Ten Famous Worldwide July Festivals Part Two

Speaking of festivals in July, we continue to bring to you a series of worldwide famous festivals that you can be a part of while holidaying in the city.

Naadam – Ulaanbaatar, Mongolia

This is Mongolia’s key festival which is celebrated as a sport. It’s a festival where men take the major lead in various events such as wrestling, archery, horse racing etc. These sports are also combined with many ritualistic practices.
The proceedings begin with jockeys checking their horses to gallop across the plains, to be a winner of course. Music is an important part of the archery. The contestants are seen and heard singing and praying to their arrows to travel straight. Covered in their bright traditional clothes each archer strikes a pose along with the roaring crowd.

Calgary Stampede – Canada

The ‘Stampede’ brings in a group of world’s best cowboys and the celebration itself portrays as the ‘greatest outdoor show on earth’. The 10-day event is one of the richest rodeos on earth that offers more than C$1.6 in prize.

Marrakesh Popular Arts Festival – Morocco

The Arts Festival in Marrakesh is like a year-round festival bustling with vendors, snake-charmers, marketers calling out to the moving crowd. The vibrancy and the intense pace of the event is graced by various performers from all across the African nation. You can look forward to Berber musicians and dancers from other places such as Andalucía, Spain etc.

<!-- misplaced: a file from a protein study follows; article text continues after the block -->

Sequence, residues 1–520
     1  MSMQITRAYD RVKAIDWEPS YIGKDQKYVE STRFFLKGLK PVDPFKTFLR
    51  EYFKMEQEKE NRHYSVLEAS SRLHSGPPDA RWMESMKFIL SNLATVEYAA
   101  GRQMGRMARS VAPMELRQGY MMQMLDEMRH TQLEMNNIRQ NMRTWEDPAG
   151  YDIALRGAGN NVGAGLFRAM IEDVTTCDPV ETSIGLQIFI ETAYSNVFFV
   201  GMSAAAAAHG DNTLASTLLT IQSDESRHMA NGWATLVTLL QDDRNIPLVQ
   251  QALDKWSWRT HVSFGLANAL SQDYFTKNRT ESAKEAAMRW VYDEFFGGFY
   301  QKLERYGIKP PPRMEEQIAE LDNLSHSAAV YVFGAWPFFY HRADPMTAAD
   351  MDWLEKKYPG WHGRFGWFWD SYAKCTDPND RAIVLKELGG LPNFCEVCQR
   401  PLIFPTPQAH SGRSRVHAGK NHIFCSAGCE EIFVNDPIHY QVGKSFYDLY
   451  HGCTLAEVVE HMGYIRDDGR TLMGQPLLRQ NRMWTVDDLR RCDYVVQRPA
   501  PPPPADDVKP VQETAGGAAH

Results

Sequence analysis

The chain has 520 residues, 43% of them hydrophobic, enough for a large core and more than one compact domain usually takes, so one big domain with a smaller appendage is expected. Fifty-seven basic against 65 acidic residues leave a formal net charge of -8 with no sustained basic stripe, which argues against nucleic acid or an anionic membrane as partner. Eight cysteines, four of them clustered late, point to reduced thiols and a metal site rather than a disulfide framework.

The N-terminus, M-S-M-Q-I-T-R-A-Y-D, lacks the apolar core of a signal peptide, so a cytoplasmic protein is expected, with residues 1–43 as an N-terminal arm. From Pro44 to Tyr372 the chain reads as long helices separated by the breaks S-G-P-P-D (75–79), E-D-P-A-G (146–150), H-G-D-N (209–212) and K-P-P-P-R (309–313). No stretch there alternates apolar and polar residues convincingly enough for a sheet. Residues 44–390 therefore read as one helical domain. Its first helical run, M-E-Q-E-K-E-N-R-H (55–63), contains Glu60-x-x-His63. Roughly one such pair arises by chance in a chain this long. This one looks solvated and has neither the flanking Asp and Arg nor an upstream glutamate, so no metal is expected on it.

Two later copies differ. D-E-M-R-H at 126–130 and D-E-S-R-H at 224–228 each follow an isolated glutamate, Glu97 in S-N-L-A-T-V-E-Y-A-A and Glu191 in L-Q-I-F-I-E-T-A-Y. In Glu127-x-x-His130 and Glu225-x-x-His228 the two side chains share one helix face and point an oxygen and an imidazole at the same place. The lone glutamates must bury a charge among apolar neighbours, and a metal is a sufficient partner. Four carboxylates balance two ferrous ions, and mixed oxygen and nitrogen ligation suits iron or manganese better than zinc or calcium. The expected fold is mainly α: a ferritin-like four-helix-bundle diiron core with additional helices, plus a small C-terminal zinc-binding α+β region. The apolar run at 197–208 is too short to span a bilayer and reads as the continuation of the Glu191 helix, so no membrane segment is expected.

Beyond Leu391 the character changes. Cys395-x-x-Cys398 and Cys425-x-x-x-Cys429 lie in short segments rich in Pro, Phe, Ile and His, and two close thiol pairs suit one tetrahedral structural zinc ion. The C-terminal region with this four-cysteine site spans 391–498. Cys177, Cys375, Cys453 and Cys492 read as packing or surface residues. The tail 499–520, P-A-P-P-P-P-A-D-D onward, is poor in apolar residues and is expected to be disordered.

Gion Matsuri – Kyoto, Japan

Japanese festivals, their culture and tradition always baffle the outsider and the jubilee of the parade is not any different. The float procession commemorates the olden times during 869 AD when various dignitaries marched through Kyoto to appeal to the god of plague their prayers and plea. A group of 40 people pull and push the dangling temples on wheels. To watch how they build the temple is a sheer interesting aspect.

Festival of the Redeemer – Venice, Italy

In this festival, the Redeemer is Jesus, himself, when during a plague in 1575 and 1577, the Senate prayed and around 50,000 lives got saved from the plague. A church was built for prayers being answered and an annual festival started. Today, the event is celebrated with fireworks and arrays of boats illuminated with lights, balloons and flowers.

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